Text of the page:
|January 22, 1999||Volume 6, Number 9|
Ducks Unlimited bankrolls ecological agriculture chair
Research into new winter wheat varieties and environmentally friendly farming practices will get a boost, thanks to the creation of a new research chair in ecological agriculture at the U of S.
Ducks Unlimited Canada (DUC) announced last week that it will provide $500,000 over five years to establish the Eco-Agriculture Enhancement Chair.
The Chair will expand the Crop Development Centre's research into improved winter wheat varieties and sustainable, conservation-based farming.
"We're very pleased that Ducks Unlimited has made this money available," says Dr. Brian Fowler, senior research scientist with the CDC and holder of the new Chair. "It will enable us to do research in areas that will advance opportunities for production of winter wheat, which is an environmentally friendly crop with profit potential for farmers."
Fowler, recognized internationally as the leading expert on winter wheat, will lead a research team in the Department of Plant Sciences that will work with DUC to develop varieties that are more winter hardy and contribute to DUC's promotion of winter cereals to farmers.
According to Ducks Unlimited, winter cereals have proven to provide valuable wildlife habitat.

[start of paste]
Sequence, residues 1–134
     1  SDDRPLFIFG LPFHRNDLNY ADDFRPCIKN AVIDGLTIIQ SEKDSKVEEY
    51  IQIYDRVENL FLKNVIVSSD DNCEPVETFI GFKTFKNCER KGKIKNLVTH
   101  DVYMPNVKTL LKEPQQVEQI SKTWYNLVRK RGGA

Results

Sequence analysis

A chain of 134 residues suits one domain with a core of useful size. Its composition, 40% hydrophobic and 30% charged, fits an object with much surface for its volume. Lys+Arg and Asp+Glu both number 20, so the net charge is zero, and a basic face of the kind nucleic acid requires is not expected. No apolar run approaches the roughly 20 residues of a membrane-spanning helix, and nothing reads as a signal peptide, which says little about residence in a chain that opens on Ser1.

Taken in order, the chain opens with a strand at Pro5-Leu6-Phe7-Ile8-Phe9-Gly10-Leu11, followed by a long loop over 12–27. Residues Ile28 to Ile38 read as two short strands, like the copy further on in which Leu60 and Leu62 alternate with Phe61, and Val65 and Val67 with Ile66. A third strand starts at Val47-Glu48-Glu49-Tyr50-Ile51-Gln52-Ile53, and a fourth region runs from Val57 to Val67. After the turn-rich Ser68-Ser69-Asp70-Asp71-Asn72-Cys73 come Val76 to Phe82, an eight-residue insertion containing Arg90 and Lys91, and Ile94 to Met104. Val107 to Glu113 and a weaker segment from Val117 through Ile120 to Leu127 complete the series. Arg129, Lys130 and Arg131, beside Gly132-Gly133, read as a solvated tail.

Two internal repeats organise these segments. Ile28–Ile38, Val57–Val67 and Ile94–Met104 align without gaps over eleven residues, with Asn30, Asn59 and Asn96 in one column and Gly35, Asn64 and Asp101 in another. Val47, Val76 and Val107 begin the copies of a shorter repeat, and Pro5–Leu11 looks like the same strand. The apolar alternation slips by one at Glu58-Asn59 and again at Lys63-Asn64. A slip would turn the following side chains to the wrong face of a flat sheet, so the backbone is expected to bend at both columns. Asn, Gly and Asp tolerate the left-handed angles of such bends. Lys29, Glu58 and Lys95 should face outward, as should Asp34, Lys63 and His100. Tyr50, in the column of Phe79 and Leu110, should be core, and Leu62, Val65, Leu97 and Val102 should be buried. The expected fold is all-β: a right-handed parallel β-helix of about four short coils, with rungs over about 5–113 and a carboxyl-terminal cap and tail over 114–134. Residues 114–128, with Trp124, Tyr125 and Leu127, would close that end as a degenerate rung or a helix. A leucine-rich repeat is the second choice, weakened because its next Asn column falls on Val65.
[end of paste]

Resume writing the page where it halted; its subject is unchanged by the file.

"Winter cereal crops supplement wildlife habitat and provide valuable nesting cover to waterfowl and other ground nesting birds," says Don Young, DUC's executive vice-president.
Ducks Unlimited will provide $100,000 a year through to 2003 for the new Chair.
Programs implemented by the Chair will target farmers in the Northern Great Plains region that includes North Dakota, Montana, and the prairie provinces.
DUC's money builds on existing financial support for Fowler's work from both the Saskatchewan Agriculture Development Fund and the Western Grains Research Foundation.
This is the first time DUC has funded a chair in agricultural research at a Canadian university. Young says the Chair position contributes to the organization's goal of expanding the acreage of winter cereals in western Canada.
"When fields are planted with winter cereals in the fall, they're seeded directly into the standing stubble from the spring crop. The stubble helps to camouflage nesting birds, protecting them and their nests from predators. Unlike spring-seeded crops, winter cereal crops don't require spring tillage, so nests remain undisturbed by field equipment."
Moreover, fewer herbicides are used on winter cereals and they're often harvested prior to fall migration, so crop damage by waterfowl is reduced.
At present, only 200,000 acres of western Canada farm land is planted with winter wheat. Increasing this figure by two or three times, Fowler says, would help to establish markets for Canada's winter wheat crop.
His seed breeding program - which has already developed six new winter wheat varieties since 1991 - will work on developing winter-hardy, drought-tolerant, disease-resistant and higher-yielding winter wheat varieties that will be profitable for growers.
"We already know that winter wheat is important from a conservation standpoint. Now we have to make it more viable for farmers in terms of yield and profit."
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